Deal delays indirect land-use penalty

By Erin Voegele
Posted June 24, 2009, at 1:26 p.m. CST

House Agriculture Committee Chairman Collin Peterson, D-Minn., House Energy and Commerce Committee Chairman Henry Waxman, D-Calif., and Speaker of the House of Representatives Nancy Pelosi, D-Calif., have struck a deal that could change how the U.S. EPA is directed to consider indirect land-use change in the proposed rulemaking for the second stage of the renewable fuels standard (RFS2).

This change is now reflected in the American Clean Energy and Security Act (ACES), also known as the Waxman-Markey Bill. ACES, which also seeks to establish a federal carbon cap-and-trade program and renewable portfolio standard, is expected to undergo a vote in the U.S. House on June 26.

The deal struck by the three lawmakers would ensure that there is widespread scientific agreement linking biofuels to indirect land-use change before the U.S. EPA could impose such a greenhouse gas penalty on biofuels. The agreement would ultimately ensure that science � not politics � would determine whether the EPA can move forward with the highly controversial theory. Under the agreement, an entity such as the National Academy of Sciences would conduct a study on whether there is a link between biofuels and tropical deforestation. In the meantime, the EPA would be prevented from imposing an indirect land-use penalty on biofuels for at least five years. At the end of the five-year study, the EPA, U.S. DOE, and USDA would need to agree that such a link is present and can be effectively predicted. At that time, Congress would have one year to review the issue before the EPA could move forward.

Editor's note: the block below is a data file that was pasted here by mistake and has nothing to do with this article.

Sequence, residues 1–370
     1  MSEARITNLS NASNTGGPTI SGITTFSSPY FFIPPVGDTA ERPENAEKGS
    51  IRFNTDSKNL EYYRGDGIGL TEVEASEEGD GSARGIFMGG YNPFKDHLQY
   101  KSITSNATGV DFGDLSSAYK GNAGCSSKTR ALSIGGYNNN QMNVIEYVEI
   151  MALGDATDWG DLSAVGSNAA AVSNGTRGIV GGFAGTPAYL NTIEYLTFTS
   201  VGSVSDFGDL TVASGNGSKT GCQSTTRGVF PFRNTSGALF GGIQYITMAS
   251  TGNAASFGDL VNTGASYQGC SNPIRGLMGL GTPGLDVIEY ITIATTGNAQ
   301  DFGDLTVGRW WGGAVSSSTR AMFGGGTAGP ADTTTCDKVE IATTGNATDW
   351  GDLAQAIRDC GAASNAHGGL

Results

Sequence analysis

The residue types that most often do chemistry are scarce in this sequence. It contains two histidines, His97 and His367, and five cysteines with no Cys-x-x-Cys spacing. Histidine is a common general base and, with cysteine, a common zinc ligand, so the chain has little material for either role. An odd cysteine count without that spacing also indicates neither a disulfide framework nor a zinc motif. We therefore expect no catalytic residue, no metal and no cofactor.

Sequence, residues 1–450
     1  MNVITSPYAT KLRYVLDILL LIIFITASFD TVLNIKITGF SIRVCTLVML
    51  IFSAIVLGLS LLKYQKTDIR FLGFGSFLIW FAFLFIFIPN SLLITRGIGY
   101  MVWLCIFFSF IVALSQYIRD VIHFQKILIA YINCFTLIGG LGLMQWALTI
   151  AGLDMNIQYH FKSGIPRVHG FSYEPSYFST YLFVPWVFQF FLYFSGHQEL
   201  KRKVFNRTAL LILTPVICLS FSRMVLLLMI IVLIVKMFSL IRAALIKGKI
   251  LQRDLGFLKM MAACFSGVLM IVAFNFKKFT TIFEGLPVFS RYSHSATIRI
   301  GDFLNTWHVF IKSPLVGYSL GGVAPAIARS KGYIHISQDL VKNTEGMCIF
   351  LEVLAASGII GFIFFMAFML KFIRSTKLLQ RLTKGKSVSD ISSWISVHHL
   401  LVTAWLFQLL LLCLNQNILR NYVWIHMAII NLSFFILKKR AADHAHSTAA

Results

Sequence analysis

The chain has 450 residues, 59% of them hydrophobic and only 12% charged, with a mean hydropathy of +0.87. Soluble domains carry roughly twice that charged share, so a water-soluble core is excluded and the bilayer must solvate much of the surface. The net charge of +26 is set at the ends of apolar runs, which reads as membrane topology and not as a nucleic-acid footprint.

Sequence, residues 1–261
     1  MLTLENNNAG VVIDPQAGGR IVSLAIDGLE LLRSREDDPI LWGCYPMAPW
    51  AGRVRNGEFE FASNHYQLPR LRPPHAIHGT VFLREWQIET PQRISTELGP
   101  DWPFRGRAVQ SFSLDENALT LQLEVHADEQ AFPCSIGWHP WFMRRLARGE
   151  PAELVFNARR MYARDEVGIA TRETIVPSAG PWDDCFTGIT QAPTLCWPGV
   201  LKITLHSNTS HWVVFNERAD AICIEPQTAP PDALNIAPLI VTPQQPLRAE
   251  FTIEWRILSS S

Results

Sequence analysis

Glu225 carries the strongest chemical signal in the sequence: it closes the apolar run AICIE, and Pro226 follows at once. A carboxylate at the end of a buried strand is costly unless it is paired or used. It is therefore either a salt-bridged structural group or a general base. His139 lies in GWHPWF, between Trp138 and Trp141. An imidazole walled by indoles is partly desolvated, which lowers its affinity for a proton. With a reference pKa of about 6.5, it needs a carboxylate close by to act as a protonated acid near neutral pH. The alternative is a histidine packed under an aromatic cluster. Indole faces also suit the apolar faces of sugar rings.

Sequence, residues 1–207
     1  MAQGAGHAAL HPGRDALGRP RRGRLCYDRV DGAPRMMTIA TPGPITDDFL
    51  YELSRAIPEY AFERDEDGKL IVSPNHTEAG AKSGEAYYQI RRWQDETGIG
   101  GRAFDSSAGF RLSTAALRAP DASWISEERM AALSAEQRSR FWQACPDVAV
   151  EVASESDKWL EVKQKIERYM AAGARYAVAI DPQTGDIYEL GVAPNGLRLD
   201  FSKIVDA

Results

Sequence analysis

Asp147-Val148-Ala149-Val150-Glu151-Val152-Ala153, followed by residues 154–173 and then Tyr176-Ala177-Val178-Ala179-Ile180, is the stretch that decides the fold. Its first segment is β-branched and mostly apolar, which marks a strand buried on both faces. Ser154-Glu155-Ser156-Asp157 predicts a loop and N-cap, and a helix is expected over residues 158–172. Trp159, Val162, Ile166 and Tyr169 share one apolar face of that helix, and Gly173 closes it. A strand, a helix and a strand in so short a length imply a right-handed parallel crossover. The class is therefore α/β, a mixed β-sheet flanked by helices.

The American Coalition for Ethanol issued a statement June 24 in support of the agreement, and applauding Peterson for leading the effort to broker the deal. "While we are enormously pleased with this agreement, we recognize that at this stage EPA still proposes to ascribe a carbon penalty to biofuels based upon their disputed computer modeling of unsubstantiated predictions of so-called international land-use changes," said ACE in the statement. "Therefore, ACE calls upon EPA to reconsider their approach and we encourage the U.S. Senate to adopt language similar to the agreement worked out by Chairmen Peterson and Waxman."

Growth Energy CEO Tom Buis has also weighed in on the issue. "We congratulate Chairman Peterson and Chairman Waxman on reaching a common sense solution to this very controversial issue," he said. "We believe that additional study of the issue of indirect land-use change will further demonstrate that these provisions should never have been a part of the 2007 energy law to begin with. Chairman Peterson's steadfast leadership in ensuring an equal playing field for America's homegrown fuel producers was critical to achieving this resolution. This is a good first step in a longer process, including full review by the House and Senate."